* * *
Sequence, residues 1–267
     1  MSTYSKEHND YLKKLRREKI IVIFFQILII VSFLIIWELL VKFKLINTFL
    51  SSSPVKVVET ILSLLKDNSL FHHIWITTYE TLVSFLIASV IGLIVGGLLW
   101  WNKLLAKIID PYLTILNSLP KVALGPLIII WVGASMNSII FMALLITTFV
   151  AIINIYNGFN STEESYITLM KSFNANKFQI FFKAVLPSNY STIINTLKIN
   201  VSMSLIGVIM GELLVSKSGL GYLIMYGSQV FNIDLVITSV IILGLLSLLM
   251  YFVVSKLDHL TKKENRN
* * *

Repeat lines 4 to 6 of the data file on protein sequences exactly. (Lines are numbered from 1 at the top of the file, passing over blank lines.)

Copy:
   101  WNKLLAKIID PYLTILNSLP KVALGPLIII WVGASMNSII FMALLITTFV
   151  AIINIYNGFN STEESYITLM KSFNANKFQI FFKAVLPSNY STIINTLKIN
   201  VSMSLIGVIM GELLVSKSGL GYLIMYGSQV FNIDLVITSV IILGLLSLLM